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Open AccessCommunication

Seneca Valley Virus 3Cpro Cleaves PABPC1 to Promote Viral Replication

State Key Laboratory of Veterinary Etiological Biology, National Foot and Mouth Diseases Reference Laboratory, Key Laboratory of Animal Virology of Ministry of Agriculture, Lanzhou Veterinary Research Institute, Chinese Academy of Agricultural Sciences, Lanzhou 730046, China
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Pathogens 2020, 9(6), 443; https://doi.org/10.3390/pathogens9060443
Received: 4 May 2020 / Revised: 1 June 2020 / Accepted: 2 June 2020 / Published: 4 June 2020
(This article belongs to the Section Animal Pathogens)
Seneca Valley Virus (SVV) is an oncolytic virus of the Picornaviridae family, which has emerged in recent years. The impact of SVV on host cell translation remains unknown. Here, we showed, for the first time, that SVV infection cleaved poly(A) binding protein cytoplasmic 1 (PABPC1). In SVV-infected cells, 50 kDa of the N terminal cleaved band and 25 kDa of the C terminal cleaved band of PABPC1 were detected. Further study showed that the viral protease, 3Cpro induced the cleavage of PABPC1 by its protease activity. The SVV strains with inactive point mutants of 3Cpro (H48A, C160A or H48A/C160A) can not be rescued by reverse genetics, suggesting that sites 48 and 160 of 3Cpro were essential for SVV replication. SVV 3Cpro induced the cleavage of PABPC1 at residue 437. A detailed data analysis showed that SVV infection and the overexpression of 3Cpro decreased the protein synthesis rates. The protease activity of 3Cpro was essential for inhibiting the protein synthesis. Our results also indicated that PABPC1 inhibited SVV replication. These data reveal a novel antagonistic mechanism and pathogenesis mediated by SVV and highlight the importance of 3Cpro on SVV replication. View Full-Text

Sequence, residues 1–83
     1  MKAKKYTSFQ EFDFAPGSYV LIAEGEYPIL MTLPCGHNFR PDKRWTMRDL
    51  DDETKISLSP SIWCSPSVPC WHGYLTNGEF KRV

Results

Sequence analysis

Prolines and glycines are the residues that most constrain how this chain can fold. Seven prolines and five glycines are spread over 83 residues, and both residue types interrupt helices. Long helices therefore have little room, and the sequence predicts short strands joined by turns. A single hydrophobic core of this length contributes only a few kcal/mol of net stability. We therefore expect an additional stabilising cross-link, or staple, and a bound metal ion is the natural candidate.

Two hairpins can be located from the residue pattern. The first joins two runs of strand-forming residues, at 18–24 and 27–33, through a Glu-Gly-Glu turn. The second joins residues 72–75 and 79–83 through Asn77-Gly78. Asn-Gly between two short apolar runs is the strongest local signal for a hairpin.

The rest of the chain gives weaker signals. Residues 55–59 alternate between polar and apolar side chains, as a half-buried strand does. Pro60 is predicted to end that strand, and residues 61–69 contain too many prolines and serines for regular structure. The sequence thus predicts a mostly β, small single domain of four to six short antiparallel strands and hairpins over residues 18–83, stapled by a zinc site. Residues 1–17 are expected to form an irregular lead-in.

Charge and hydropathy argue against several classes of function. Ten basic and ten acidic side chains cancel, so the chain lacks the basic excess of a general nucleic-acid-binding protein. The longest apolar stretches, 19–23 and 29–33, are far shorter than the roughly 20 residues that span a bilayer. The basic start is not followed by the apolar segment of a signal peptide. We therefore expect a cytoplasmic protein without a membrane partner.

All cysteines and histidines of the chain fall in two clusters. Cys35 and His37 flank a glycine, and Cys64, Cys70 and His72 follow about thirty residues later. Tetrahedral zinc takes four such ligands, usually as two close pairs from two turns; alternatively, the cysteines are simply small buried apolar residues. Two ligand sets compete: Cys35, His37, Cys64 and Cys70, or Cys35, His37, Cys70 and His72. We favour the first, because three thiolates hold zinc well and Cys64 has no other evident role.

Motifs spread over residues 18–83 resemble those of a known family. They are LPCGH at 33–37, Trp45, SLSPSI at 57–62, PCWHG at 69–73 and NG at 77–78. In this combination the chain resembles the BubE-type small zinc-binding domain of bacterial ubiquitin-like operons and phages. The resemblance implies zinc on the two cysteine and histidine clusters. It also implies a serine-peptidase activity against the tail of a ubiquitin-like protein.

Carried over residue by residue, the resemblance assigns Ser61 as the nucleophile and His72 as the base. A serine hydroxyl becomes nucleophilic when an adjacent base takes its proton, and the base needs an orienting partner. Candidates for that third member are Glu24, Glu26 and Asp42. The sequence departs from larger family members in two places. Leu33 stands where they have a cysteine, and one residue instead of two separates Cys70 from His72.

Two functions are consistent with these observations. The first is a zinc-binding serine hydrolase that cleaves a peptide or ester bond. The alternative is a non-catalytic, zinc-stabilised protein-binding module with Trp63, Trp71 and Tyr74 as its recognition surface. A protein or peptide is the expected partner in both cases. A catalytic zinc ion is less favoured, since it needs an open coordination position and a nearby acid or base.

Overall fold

Keywords: seneca valley virus; 3Cpro; antagonistic mechanism; PABPC1; translation seneca valley virus; 3Cpro; antagonistic mechanism; PABPC1; translation
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MDPI and ACS Style

Xue, Q.; Liu, H.; Zhu, Z.; Xue, Z.; Liu, X.; Zheng, H. Seneca Valley Virus 3Cpro Cleaves PABPC1 to Promote Viral Replication. Pathogens 2020, 9, 443.

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